| posted in: life 

The uptime command, in the UNIX world, displays how long a particular machine has been “up” or running.  Recently I have been applying that term to my daily lower back exercises.  After reading a getting things done article that talked about Jerry Seinfeld, I have been working on better uptime for my exercises.

I’ll explain.

Jerry said he gets things done by getting a large year-at-a-glance calendar, and by putting a mark on each consecutive day he works on new material.  He said that seeing a continuous string of marks is a powerful motivator for not breaking the chain.  When I first read this I thought to myself, “it is so simple it would probably work.”

I weigh myself every day, and record the weight on a chart on our bureau in the bedroom.  At night I do my exercises in that room, and I’ve started putting a little plus sign next to the date on my chart, to indicate a successful completion of my exercises for the day.  A chain of one or two pluses is easy to break.  Longer chains are much harder to ignore.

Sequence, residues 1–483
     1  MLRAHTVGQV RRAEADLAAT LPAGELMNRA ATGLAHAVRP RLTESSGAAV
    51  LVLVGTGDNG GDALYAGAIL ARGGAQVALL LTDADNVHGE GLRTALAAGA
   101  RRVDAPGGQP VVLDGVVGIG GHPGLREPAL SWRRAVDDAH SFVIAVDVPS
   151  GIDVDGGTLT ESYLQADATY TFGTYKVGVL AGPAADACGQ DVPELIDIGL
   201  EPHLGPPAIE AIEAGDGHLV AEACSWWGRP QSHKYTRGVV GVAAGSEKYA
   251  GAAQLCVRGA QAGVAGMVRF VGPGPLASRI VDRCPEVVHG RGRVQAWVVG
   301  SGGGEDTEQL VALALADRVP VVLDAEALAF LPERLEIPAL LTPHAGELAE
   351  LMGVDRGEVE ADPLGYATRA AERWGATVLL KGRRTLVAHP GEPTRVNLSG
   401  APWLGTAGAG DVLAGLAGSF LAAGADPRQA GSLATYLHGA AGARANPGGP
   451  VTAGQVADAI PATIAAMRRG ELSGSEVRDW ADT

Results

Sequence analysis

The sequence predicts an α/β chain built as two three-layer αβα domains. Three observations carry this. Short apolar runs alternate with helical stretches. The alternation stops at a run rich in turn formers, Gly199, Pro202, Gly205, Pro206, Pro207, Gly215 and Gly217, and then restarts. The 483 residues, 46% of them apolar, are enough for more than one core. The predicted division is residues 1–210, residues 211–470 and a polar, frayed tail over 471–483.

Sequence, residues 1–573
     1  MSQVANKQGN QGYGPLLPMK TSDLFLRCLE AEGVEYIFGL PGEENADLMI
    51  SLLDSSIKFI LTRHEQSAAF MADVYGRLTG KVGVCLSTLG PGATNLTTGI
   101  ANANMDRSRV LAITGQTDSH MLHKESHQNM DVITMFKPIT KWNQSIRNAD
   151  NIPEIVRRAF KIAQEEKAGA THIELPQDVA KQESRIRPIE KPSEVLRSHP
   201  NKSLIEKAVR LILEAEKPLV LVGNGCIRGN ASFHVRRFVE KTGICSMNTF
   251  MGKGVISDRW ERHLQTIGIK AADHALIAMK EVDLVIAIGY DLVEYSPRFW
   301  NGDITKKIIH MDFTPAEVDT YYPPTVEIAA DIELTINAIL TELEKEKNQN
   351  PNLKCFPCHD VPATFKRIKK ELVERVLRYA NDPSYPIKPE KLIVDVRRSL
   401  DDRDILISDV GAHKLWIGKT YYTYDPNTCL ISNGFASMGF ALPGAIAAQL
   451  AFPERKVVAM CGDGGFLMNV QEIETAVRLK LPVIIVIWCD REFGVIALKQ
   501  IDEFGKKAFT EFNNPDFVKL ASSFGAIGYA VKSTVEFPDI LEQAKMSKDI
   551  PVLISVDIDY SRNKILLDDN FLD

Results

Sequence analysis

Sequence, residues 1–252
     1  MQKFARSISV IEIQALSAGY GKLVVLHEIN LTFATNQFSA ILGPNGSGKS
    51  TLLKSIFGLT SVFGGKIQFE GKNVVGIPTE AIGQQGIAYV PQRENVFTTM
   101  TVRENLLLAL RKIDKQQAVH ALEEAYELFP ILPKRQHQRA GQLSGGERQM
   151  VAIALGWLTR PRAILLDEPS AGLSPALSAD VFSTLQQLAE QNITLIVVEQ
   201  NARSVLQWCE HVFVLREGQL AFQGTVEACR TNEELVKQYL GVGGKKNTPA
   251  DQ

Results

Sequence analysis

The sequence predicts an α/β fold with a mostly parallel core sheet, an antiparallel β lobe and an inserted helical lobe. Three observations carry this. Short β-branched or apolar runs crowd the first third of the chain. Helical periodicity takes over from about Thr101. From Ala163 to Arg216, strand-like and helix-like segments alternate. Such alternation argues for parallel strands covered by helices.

Presently I’m at 16 days in a row.  Knowing that a miss now would mean starting all over again at 1 is a surprisingly powerful motivator.  To use the UNIX term, I’ve got a 16 day uptime.

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Mark H. Nichols

I am a husband, cellist, code prole, nerd, technologist, and all around good guy living and working in fly-over country. You should follow me on Twitter.